Revalidation and the licence to practise

  1. Summary
  2. Revalidation and the licence to practise

To practise medicine in the UK, all doctors must be registered and hold a licence to practise. Registration shows you have gained the appropriate qualification or training to practise as a doctor.  A licence shows that you have legal authority to do certain activities in the UK, such as prescribing, and signing statutory certificates.

Every licensed doctor must revalidate to show they are up to date and fit to practise.

This applies regardless of:

  • when your revalidation date falls
  • any plans you may have for the future (e.g. - to retire or take a break from practice). 

If you do not hold a licence to practise then you do not have to revalidate. 

Some doctors may find it difficult to fulfil our revalidation requirements because they continue to hold a licence to practise when they do not need to. If you're not practising medicine in the UK you may wish to give up your licence to practise, or to remove your name from the register entirely. Our guidance can help you decide whether giving up your licence or registration is right for you.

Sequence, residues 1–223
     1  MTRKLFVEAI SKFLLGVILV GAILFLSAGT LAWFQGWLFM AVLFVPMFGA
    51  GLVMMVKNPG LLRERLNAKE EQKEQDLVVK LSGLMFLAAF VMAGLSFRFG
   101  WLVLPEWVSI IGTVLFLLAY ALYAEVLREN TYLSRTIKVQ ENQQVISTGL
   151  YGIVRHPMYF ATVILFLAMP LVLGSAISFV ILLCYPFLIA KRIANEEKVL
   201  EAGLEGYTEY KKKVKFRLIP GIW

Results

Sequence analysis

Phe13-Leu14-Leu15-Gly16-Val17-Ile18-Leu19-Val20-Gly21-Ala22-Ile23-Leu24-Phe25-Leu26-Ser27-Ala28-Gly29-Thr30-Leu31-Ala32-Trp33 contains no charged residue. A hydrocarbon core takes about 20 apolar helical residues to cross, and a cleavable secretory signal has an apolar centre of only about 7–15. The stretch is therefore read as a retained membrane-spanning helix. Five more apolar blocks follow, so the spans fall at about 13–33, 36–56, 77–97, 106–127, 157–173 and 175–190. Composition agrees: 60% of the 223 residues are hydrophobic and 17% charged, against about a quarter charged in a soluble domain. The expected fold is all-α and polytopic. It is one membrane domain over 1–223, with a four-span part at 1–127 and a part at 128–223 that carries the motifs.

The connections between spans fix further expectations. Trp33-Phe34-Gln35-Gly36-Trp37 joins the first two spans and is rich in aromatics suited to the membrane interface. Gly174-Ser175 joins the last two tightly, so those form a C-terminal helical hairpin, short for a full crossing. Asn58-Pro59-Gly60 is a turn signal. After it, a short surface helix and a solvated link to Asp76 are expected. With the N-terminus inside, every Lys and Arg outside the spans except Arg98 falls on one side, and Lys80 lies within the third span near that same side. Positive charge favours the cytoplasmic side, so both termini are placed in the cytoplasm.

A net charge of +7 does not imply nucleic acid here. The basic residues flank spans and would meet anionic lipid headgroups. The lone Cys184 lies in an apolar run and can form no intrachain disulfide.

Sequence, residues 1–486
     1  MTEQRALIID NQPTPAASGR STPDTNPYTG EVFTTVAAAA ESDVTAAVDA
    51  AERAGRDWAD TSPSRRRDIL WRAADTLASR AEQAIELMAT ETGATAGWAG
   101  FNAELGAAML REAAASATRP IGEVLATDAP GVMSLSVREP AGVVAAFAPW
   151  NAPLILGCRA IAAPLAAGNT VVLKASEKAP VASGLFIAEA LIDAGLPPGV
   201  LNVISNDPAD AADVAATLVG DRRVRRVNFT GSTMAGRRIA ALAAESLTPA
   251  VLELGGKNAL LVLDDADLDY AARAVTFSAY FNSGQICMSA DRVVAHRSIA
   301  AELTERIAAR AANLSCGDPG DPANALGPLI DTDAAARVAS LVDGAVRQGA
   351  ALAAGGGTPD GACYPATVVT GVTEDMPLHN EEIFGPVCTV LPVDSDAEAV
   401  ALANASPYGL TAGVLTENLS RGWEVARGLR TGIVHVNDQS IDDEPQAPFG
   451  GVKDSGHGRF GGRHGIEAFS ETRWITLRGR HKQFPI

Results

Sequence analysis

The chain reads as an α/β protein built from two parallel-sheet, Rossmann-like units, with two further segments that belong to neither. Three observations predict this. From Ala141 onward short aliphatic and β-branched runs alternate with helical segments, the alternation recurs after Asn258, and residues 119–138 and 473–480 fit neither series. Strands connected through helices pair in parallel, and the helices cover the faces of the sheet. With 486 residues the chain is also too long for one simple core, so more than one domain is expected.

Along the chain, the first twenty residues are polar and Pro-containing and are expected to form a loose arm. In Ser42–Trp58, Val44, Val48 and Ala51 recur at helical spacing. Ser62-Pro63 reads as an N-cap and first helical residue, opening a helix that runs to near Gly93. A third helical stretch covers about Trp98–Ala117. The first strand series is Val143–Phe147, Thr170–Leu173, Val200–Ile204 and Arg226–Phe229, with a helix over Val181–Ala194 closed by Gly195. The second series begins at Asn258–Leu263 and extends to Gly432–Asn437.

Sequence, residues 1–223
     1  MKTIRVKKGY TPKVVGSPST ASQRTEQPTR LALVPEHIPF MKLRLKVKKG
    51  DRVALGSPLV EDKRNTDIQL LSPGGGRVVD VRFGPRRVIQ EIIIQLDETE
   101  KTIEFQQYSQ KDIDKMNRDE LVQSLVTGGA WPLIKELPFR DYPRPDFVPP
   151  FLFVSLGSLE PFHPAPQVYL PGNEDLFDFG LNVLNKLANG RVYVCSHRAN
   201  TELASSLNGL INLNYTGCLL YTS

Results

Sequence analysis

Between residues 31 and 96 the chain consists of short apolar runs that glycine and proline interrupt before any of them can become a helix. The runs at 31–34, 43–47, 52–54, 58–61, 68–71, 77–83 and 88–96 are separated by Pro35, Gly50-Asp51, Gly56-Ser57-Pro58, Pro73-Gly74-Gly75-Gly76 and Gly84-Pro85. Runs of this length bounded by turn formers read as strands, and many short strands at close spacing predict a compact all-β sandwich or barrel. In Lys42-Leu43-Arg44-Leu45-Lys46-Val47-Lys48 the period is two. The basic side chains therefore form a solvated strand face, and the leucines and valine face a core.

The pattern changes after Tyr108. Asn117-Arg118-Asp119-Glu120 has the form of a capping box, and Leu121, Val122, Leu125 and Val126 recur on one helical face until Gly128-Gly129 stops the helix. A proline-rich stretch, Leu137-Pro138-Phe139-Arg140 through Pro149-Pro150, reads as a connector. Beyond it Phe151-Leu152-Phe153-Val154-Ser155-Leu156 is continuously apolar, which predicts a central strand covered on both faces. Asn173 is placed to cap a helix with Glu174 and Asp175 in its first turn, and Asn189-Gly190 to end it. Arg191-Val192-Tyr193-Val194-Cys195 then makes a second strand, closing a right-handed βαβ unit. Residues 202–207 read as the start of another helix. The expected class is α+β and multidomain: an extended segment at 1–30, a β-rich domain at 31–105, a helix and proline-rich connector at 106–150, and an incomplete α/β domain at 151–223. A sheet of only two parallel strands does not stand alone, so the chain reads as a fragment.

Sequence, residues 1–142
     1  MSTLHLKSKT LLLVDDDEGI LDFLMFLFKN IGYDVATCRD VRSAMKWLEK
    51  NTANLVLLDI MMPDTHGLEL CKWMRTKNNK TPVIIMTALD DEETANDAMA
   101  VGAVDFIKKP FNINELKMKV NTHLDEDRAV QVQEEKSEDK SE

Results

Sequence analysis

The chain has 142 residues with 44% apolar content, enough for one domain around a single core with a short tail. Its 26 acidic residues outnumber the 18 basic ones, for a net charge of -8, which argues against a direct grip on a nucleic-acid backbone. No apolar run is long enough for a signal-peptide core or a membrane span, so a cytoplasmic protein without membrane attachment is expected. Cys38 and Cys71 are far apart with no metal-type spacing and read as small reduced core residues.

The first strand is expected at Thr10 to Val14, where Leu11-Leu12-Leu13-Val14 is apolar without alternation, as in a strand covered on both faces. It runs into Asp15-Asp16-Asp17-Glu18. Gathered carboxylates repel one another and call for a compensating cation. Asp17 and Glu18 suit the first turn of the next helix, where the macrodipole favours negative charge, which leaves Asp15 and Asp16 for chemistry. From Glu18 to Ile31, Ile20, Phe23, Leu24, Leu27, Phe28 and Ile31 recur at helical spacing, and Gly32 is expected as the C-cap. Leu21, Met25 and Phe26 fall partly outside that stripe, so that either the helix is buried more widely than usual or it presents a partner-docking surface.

If in the future you decide to restore your licence, it’s relatively straightforward to get it back. Please refer to our guidance on restoring your registration, or your licence to practise if you have given up your registration or licence and want to return to UK practice. In some exceptional circumstances, we may ask you to revalidate before deciding whether to restore your licence.

We also provide revalidation FAQs for doctors who:

  • are retiring or taking a break from UK practice
  • work overseas
  • are new to UK practice
  • have recently gained registration or a licence to practise, and have not started work yet

If you are unsure whether you need a licence to practise, then you may find it helpful to review our licence to practise top tips.